If you hit it too hard it can make it worse and never try to pull it up with pliers, if you pull it up the pin can come out and you'll get a wet face.

7. Frozen condensate pipes

One of the most (if not the most) common callout reasons in the UK every winter is poorly insulated condensate pipes.  When boilers are installed they all (as of 2005) are required to be condensing, this means that flue gasses run at low temperature to reclaim latent heat.  The condensed liquid then drips

through the boiler and exits through an outlet pipe to a drain.  This outlet pipe is sometimes terminated

inside in which case it won't be an issue but usually it leaves the house in a plastic pipe and is routed to the drain, this pipe should be sized correctly and insulated to prevent freezing but it is very common for the pipe to be too small and un-insulated.

If you have a frost and the pipe outside has frozen it is easy to thaw the ice plug with a kettle of boiled water poured all over it.  There is no way of knowing if the condense is frozen 

8. Home insulation

During the summer we tend to leave windows locked open and any air vents slid to keep cool air flowing around the house, as we get closer to the winter months it is good to check these areas of potential heat loss and seal them up.  Air flow is important to all homes to prevent moisture build up so there is a fine

balance between preventing heat loss and trapping in humidity.

If your loft is uninsulated or poorly insulated then there are plenty of grants available for older and low income homes, loft insulation is the cheapest way to reduce your heating bills and for a relatively small initial cost you have years of savings.

9. Boiler thermostat

You may have a modern boiler with a modulating controller in which case this will be unnecessary, as modern boilers and controls like Nest and some Honeywell controllers will automatically adapt the output of the boiler depending on your requirement.  If you have an older boiler and control, or a non-modulating Controller, like Hive then this is a useful way to increase the heat output of the boiler or conversely saving energy.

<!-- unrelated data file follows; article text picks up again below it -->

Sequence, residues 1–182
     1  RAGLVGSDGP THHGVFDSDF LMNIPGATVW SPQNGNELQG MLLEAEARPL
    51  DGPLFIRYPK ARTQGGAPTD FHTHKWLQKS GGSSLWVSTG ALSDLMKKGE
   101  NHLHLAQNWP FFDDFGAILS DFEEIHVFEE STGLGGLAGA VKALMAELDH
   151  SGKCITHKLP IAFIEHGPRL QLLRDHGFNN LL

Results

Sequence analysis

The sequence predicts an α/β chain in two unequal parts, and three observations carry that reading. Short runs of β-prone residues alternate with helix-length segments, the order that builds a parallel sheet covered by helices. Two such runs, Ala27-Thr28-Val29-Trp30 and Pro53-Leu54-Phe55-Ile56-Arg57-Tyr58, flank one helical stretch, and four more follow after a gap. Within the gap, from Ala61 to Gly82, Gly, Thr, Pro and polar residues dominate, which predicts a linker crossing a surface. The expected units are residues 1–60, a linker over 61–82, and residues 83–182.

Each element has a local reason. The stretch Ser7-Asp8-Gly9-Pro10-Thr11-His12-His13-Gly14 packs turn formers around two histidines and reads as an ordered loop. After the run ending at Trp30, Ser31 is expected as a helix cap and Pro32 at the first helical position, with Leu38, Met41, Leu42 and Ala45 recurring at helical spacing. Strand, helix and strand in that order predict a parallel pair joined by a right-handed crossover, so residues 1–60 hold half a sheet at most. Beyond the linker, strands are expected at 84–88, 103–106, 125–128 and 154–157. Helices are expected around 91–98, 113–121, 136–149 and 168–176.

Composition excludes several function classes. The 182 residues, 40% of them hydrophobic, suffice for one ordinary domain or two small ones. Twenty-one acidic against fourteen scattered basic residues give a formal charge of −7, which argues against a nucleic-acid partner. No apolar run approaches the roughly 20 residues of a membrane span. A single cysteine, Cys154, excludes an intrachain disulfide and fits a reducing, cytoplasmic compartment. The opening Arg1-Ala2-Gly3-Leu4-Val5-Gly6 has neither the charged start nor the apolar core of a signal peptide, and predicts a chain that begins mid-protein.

if you have a post 2005 boiler/condensing boiler, on the front of most boilers is a simple temperature selection dial, this will control the output from around 50-80°c, in the milder months this can be set to as low as 50°c which will increase efficiency by increasing the condensing effect, but in the winter you will likely need hotter radiators to overcome the freezing temperatures outside, if you can get away with it ideally you want it as low as possible though. For boilers older than 2005 or non condensing  simply adjust to suit comfort.

10. Professional service and safety check

Although there are many things you can do yourself to check the system, unless you are a Gas Safe registered installer you cannot open and check the boiler or other gas appliances.  An RGI (registered gas installer) will be able to service the boiler and test the safety and operation as well as any and all of the above points.

A proper boiler service cannot be done without opening the combustion area, many companies offer a service but simply run basic safety tests.  While this can pick up extreme faults it will not prolong the life of the boiler and will miss many problems, a decent installer will clean the heat exchanger which requires removing the fan.  If your technician does not remove the fan then ask how he is cleaning the heat exchanger, don't settle for less.